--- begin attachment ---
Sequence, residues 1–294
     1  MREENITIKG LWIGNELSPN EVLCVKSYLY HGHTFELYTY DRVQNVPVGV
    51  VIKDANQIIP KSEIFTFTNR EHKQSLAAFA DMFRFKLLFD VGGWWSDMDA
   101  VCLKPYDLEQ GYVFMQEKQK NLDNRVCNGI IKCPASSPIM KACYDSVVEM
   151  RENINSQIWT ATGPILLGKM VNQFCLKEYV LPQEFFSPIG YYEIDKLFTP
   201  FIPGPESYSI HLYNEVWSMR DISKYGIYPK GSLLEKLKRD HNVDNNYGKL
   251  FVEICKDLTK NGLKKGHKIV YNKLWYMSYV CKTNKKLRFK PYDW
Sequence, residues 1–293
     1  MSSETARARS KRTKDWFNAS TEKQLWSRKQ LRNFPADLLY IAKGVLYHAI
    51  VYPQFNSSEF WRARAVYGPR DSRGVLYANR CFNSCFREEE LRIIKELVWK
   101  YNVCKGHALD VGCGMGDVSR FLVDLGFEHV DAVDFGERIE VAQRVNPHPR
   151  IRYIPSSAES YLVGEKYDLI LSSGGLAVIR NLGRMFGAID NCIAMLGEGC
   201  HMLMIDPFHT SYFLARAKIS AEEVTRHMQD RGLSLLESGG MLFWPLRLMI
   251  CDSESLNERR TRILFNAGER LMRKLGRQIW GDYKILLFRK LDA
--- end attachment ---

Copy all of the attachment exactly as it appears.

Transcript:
Sequence, residues 1–294
     1  MREENITIKG LWIGNELSPN EVLCVKSYLY HGHTFELYTY DRVQNVPVGV
    51  VIKDANQIIP KSEIFTFTNR EHKQSLAAFA DMFRFKLLFD VGGWWSDMDA
   101  VCLKPYDLEQ GYVFMQEKQK NLDNRVCNGI IKCPASSPIM KACYDSVVEM
   151  RENINSQIWT ATGPILLGKM VNQFCLKEYV LPQEFFSPIG YYEIDKLFTP
   201  FIPGPESYSI HLYNEVWSMR DISKYGIYPK GSLLEKLKRD HNVDNNYGKL
   251  FVEICKDLTK NGLKKGHKIV YNKLWYMSYV CKTNKKLRFK PYDW
Sequence, residues 1–293
     1  MSSETARARS KRTKDWFNAS TEKQLWSRKQ LRNFPADLLY IAKGVLYHAI
    51  VYPQFNSSEF WRARAVYGPR DSRGVLYANR CFNSCFREEE LRIIKELVWK
   101  YNVCKGHALD VGCGMGDVSR FLVDLGFEHV DAVDFGERIE VAQRVNPHPR
   151  IRYIPSSAES YLVGEKYDLI LSSGGLAVIR NLGRMFGAID NCIAMLGEGC
   201  HMLMIDPFHT SYFLARAKIS AEEVTRHMQD RGLSLLESGG MLFWPLRLMI
   251  CDSESLNERR TRILFNAGER LMRKLGRQIW GDYKILLFRK LDA